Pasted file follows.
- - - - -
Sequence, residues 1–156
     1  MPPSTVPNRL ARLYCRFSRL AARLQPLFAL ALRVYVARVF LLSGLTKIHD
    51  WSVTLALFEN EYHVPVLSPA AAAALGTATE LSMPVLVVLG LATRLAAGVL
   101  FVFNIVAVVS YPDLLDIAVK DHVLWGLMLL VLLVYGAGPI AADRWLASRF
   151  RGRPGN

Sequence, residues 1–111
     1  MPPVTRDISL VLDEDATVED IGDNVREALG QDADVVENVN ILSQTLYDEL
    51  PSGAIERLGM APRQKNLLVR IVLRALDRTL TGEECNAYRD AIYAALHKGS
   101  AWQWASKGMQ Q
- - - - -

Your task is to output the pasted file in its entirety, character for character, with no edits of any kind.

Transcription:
Sequence, residues 1–156
     1  MPPSTVPNRL ARLYCRFSRL AARLQPLFAL ALRVYVARVF LLSGLTKIHD
    51  WSVTLALFEN EYHVPVLSPA AAAALGTATE LSMPVLVVLG LATRLAAGVL
   101  FVFNIVAVVS YPDLLDIAVK DHVLWGLMLL VLLVYGAGPI AADRWLASRF
   151  RGRPGN

Sequence, residues 1–111
     1  MPPVTRDISL VLDEDATVED IGDNVREALG QDADVVENVN ILSQTLYDEL
    51  PSGAIERLGM APRQKNLLVR IVLRALDRTL TGEECNAYRD AIYAALHKGS
   101  AWQWASKGMQ Q